Updated: Jun 26, 2020
The first thing I want to say is although I love immersing myself in other cultures and traditions when I travel, I also love being a tourist. I can learn more when I am both a tourist and a "temporary local." One place that I like doing touristy things and living like the locals is New York City. Here is a list of my favorite touristy things to do in the Big Apple:
• Go for a Walk around Central Park
Central Park, an 843 acre park located in the middle of NYC, welcomes around 40 million visitors every year. The park, which was completed in 1876, is home to two ice-skating rinks, Belvedere Castle, the Central Park Zoo, lakes and ponds, Strawberry Fields (a quiet area established as a tribute to John Lennon), multiple playgrounds, grassy areas, tons of fountains, and much more! I highly recommend going for a stroll through the park and/or having a picnic!
• Visit St. Patrick's Cathedral
St. Patrick's Cathedral, a beautiful church located in the heart of New York City, officially opened in 1879. Visitors can enjoy the stunning church for free during non-Mass times or they can soak in its beauty while attending a Mass (schedule is on their website if you are interested).
• Visit the National September 11 Memorial & Museum
The 9/11 Museum educates visitors about the tragic event and presents personal stories. The Memorial is an 8-acre site featuring reflecting pools and waterfalls to honor the 2,977 people killed in the 2001 attacks and the six people killed in the 1993 World Trade Center bombing.
• Walk around Grand Central Terminal
Completed in 1913, Grand Central Terminal sees around 750,000 visitors every day. You can't visit the terminal without admiring its magnificence and famous clock. You don't have to catch a train to admire the building's beauty!
• Go to the top of the Empire State Building
Construction of the 102-story, 1,454 foot (443 meter) building was finished in 1931. Over four million people visit the iconic building each year, which is understandable given the views of NYC from their 102nd and 86th floor observatories. Various ticket options are offered to visitors who wish to see the incredible views. There are even ticket options to watch the sunrise from one of the observatories!
• Ride the ferry to the Statue of Liberty and Ellis Island
You can't go to NYC without visiting the Statue of Liberty! A gift from France in 1886, the Statue of Liberty is a sign of freedom and democracy. If you'd like to climb the stairs through the pedestal or to the crown of the statue to see incredible views, buy tickets ahead of time!
Between 1892 and 1954, Ellis Island saw 12 million immigrants pass through its halls. Visitors can explore exhibits and buildings to learn about Ellis Island's history and the history of immigration in America.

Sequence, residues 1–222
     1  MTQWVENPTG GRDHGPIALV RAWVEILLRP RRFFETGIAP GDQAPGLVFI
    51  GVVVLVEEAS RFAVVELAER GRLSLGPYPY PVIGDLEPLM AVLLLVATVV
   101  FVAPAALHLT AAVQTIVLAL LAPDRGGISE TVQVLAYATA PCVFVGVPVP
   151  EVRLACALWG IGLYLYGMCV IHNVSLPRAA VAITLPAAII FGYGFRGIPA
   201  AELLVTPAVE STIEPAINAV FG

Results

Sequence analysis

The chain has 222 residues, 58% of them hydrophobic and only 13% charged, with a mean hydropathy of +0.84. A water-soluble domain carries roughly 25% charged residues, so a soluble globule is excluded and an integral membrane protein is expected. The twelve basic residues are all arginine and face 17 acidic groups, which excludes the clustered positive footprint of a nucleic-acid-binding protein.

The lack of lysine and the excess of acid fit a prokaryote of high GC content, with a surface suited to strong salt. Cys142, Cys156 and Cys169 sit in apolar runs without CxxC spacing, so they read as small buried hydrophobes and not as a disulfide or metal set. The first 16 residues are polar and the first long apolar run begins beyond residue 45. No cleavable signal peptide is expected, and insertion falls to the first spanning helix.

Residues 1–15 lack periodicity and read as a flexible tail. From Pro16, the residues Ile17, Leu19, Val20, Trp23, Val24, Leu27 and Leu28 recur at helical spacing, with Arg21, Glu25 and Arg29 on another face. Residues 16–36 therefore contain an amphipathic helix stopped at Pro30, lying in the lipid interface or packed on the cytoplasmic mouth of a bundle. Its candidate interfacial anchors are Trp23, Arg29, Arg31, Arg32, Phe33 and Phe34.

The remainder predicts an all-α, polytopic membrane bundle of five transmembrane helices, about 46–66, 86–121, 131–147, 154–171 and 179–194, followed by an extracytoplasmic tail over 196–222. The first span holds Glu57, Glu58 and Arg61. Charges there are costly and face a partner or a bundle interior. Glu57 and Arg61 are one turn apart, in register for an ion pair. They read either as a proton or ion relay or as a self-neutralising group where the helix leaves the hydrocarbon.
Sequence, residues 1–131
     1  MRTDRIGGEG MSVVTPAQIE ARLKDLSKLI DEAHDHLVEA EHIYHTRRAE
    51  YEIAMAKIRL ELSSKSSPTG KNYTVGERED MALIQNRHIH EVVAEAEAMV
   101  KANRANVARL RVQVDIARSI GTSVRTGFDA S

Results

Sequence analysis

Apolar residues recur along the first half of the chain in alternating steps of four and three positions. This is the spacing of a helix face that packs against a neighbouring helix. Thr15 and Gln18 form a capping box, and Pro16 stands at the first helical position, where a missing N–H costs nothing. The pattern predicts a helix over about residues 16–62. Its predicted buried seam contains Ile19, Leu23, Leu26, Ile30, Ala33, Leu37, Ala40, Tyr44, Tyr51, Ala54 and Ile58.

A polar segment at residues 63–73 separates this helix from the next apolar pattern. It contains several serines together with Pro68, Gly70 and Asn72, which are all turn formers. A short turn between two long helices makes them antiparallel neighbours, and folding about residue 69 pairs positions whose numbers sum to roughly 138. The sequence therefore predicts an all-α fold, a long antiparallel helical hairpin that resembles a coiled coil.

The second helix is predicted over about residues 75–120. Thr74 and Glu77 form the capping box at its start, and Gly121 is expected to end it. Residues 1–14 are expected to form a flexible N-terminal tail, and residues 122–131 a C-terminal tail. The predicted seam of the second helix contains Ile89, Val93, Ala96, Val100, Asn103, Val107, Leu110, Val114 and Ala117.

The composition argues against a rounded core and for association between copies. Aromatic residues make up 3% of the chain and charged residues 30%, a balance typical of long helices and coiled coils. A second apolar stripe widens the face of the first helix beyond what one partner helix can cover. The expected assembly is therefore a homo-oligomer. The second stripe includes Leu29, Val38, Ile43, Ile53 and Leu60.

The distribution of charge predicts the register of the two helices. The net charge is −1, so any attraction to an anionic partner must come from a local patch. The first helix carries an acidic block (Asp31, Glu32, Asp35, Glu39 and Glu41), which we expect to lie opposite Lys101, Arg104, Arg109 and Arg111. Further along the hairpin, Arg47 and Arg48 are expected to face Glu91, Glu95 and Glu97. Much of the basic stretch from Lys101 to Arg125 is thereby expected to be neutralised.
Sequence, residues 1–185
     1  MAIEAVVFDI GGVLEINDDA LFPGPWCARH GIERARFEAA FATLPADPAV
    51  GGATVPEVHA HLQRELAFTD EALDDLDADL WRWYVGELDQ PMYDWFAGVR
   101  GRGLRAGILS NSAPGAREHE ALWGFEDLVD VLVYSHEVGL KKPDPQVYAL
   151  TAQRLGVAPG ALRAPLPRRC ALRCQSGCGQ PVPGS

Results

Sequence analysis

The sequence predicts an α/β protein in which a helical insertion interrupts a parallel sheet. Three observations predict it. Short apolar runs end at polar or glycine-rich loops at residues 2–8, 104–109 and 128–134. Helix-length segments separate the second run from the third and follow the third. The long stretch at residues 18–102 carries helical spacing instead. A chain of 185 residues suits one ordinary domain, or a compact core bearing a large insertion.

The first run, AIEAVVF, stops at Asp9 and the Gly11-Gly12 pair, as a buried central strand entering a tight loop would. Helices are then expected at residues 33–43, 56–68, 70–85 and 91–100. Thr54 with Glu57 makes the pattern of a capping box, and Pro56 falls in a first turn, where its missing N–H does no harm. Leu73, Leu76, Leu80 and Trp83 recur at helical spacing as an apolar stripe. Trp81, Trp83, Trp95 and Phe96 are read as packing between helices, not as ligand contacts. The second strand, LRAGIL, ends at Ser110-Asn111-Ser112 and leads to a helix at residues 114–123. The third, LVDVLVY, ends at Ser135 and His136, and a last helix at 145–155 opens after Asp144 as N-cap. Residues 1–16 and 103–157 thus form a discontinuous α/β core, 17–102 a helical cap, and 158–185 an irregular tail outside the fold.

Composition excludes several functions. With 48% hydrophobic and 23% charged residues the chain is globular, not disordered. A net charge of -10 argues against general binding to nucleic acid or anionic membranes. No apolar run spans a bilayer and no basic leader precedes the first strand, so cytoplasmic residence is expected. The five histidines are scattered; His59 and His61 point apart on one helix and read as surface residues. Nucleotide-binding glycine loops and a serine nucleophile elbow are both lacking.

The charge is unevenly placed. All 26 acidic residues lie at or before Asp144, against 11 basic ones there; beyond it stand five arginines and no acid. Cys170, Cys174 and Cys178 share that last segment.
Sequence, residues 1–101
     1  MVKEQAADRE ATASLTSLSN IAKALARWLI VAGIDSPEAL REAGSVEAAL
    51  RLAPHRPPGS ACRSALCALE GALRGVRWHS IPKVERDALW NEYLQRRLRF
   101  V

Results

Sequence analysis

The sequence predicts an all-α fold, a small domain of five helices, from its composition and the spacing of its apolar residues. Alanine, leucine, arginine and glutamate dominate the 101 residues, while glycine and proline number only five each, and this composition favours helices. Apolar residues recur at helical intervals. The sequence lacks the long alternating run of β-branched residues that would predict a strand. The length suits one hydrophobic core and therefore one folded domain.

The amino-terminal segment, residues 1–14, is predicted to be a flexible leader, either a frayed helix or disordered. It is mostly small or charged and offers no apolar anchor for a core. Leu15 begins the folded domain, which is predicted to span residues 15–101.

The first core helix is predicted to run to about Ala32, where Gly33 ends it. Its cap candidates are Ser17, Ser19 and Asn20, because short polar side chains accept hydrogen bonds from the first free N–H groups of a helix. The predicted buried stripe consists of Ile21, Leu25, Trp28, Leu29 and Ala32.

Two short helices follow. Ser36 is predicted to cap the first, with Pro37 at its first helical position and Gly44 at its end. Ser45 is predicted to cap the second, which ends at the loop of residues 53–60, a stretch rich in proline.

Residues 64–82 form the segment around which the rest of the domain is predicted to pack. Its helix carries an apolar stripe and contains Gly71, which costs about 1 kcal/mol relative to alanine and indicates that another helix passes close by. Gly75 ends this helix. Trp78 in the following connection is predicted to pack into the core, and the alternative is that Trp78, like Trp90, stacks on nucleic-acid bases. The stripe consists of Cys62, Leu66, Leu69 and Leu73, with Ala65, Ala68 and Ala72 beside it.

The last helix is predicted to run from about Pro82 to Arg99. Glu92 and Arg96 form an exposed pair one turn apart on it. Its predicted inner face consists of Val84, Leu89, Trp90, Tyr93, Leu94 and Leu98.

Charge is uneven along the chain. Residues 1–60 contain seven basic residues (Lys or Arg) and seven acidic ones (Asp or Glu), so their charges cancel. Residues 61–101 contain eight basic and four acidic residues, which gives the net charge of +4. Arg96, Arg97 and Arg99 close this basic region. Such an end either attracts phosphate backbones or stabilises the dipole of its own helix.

• Walk through Times Square
Times Square, formally known as Long Acre Square, was not always known for its glittering lights and showy signs. It was just a large open space surrounded by apartments in the late 1880s. Once electricity was installed, Long Acre Square was filled with street lights and theater ads. After New York Times' publisher moved the company's headquarters to Long Acre Square in 1904, he persuaded New York City's mayor to rename the square "Times Square." Today, billboards and electronic advertisements surround the square.
The Times Square New Year's Eve Ball is also extremely popular! The first Times Square NYE Ball was introduced in 1907 and there have been a total of 7 different versions used for the drop. The first NYE ball was made of iron & wood and decorated with light bulbs. One was made entirely of iron and another one was aluminum with white light bulbs. The aluminum one was redecorated to look like an apple for several years. The aluminum ball was converted back to its original style with white light bulbs. The next one had aluminum skin with strobes and rhinestones. In 2000, the new Times Square NYE Ball was created with crystals and lights and for the 100th anniversary a LED crystal ball was implemented.
• See a Broadway Show
Broadway is in NYC's theater district and consists of 40 professional theaters. There are so many different shows/musicals you can see; from The Lion King and Wicked to Mary Poppins and Chicago. There is a show for everyone!
P.S. I've seen Mary Poppins on Broadway and it was amazing!! I highly recommend!!
• Shop (or Window Shop) on Fifth Avenue
Fifth Avenue is a NYC street that features some of the world's most expensive stores. The street is home to stores like Armani, Cartier, Apple, FAO Schwartz, Tiffany & Co., Bergdorf Goodman, and (I bet you could've guessed this one) Saks Fifth Avenue. Even if you're not able to afford the stores, it's fun to admire the products!
• Visit the Guggenheim Museum
The Guggenheim Museum opened in 1959 and began as a private collection. Today, there are several different collections housed at the Guggenheim Museum with different art mediums on display. Not only will the art intrigue you, but so will the architecture of the building!
Although these are very touristy things to do while in NYC, they are also must-dos and should be on everyone's list of activities to do in "The City That Never Sleeps."